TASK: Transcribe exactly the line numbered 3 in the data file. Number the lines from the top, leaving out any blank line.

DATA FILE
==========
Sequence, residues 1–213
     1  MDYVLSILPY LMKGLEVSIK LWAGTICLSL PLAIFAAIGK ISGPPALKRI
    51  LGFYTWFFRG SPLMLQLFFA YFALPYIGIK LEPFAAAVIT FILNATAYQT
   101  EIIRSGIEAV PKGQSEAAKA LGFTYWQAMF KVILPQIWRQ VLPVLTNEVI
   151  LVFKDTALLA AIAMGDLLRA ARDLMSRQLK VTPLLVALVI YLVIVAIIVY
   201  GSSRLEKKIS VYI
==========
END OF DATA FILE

    51  LGFYTWFFRG SPLMLQLFFA YFALPYIGIK LEPFAAAVIT FILNATAYQT